Moss’ February 10 substantive hearing date was set yesterday morning when he made his appearance before the Court of Appeal after the Privy Council sent the matter back last November to the appellate court to allow arguments to be heard on the appropriate sentence to be handed down for the 1999 killing of Samantha Forbes.
Moss has retained Sonia Timothy to argue on the appropriate sentence while prosecutor Neil Braithwaite will respond for the Crown. Justices Anita Allen, Stanley John and Neville Adderley are presiding over the matter.
In 1999, the partially nude body of Samantha Forbes was found on the Emerald Bay golf course in Grand Bahama. Her head had been nearly severed by a laceration to the throat and neck.
Five years later, Moss was convicted and sentenced to death on April 6, 2004 after the Supreme Court found him guilty of killing Ms. Forbes.
Keith Lotmore, Moss’ co-accused at the time, was convicted of manslaughter and sentenced to six years in prison.
Both men contested their fates to the appellate court which ruled that Moss’ murder verdict “cannot stand”, as the trial judge Stephen Isaacs, had failed to direct the jury in regards to Moss being intoxicated at the time the crime was committed.
Then Chief Justice Sir Burton Hall said that the absence of that particular direction was “fatal” and that it denied the opportunity of being acquitted of murder instead of being convicted of manslaughter. Sir Burton said that if Moss was under the influence of alcohol, as testified by two witnesses, then the jury should have been directed to take into consideration the question of the intent to kill on Moss’ part. He explained that certain offences like murder required the specific intent to kill. In regards to Lotmore, the Chief Justice ruled that the verdict stands, as the evidence heard in the trial had shown that the appellant had joined Moss in a “common design” to cause “at least unlawful harm” to Ms. Forbes.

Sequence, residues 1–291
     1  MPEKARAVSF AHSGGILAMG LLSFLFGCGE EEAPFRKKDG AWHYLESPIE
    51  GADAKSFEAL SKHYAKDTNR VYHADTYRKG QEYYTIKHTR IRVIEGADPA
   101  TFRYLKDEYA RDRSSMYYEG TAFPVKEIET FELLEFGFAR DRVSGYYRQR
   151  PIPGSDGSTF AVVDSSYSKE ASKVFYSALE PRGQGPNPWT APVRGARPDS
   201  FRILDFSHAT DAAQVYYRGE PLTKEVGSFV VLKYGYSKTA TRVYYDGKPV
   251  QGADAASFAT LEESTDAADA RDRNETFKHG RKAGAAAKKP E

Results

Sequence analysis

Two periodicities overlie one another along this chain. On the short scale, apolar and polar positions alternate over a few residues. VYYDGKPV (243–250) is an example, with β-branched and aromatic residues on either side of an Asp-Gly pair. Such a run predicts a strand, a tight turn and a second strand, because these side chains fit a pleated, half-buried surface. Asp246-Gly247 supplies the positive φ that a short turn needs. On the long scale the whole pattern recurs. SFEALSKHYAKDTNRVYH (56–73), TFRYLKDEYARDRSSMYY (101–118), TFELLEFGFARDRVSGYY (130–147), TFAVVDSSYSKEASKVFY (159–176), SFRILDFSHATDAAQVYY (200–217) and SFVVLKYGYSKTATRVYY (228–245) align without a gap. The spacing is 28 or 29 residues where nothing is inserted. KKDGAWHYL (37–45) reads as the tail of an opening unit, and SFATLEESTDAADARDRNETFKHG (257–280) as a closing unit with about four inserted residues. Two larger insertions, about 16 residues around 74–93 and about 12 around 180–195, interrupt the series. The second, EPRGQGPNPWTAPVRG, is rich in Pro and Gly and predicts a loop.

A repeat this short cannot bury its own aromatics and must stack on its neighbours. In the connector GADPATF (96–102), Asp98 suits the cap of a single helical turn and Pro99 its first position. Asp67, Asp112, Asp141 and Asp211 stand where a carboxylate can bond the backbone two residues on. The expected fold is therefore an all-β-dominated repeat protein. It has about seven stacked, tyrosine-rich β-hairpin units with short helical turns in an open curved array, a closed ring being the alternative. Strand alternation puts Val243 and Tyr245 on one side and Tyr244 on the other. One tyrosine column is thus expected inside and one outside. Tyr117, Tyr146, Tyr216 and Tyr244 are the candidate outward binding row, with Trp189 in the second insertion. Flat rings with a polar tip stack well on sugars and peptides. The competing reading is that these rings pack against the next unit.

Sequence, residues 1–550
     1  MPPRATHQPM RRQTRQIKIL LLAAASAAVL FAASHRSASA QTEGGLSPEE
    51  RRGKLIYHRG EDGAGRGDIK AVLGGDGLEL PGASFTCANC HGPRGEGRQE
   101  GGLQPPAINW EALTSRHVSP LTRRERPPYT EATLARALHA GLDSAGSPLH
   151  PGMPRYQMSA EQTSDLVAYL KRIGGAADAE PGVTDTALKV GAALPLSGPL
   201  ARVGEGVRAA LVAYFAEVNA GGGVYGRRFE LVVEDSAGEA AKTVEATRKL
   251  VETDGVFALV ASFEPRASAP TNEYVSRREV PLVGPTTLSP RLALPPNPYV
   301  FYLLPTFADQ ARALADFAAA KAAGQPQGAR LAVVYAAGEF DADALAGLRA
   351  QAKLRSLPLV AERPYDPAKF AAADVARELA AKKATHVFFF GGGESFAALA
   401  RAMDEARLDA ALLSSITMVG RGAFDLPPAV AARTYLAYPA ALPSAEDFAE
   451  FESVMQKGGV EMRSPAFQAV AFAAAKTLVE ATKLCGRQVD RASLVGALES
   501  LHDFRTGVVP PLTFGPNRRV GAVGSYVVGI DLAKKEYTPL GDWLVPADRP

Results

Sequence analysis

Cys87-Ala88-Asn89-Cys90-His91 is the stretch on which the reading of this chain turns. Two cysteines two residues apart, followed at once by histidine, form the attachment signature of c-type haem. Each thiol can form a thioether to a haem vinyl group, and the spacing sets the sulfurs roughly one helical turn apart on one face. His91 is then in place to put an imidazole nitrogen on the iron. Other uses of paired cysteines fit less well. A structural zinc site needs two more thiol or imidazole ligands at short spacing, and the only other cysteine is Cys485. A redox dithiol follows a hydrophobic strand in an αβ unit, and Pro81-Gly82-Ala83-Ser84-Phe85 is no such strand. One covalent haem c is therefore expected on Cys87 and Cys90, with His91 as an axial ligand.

Moss, meanwhile, was granted a reprieve as the court substituted his death sentence with a conviction of manslaughter and a jail sentence of 25 years.
However, this too was appealed to the London-based Privy Council which heard arguments in October 2013 that the appellate court handed down the sentence without hearing arguments from either side on an appropriate sentence.
The key submission on Moss’ behalf was that it was a fundamental breach of natural justice to pass sentence without giving a defendant the opportunity to be heard.
It was further argued that 25 years was excessive considering that the co-accused received a six-year term.
In November 2013, while abstaining from offering a view on an appropriate sentence for the crime, the Privy Council ruled that Moss was entitled to be heard on sentencing and remitted the matter back to the appellate court accordingly.
By: Lamech Johnson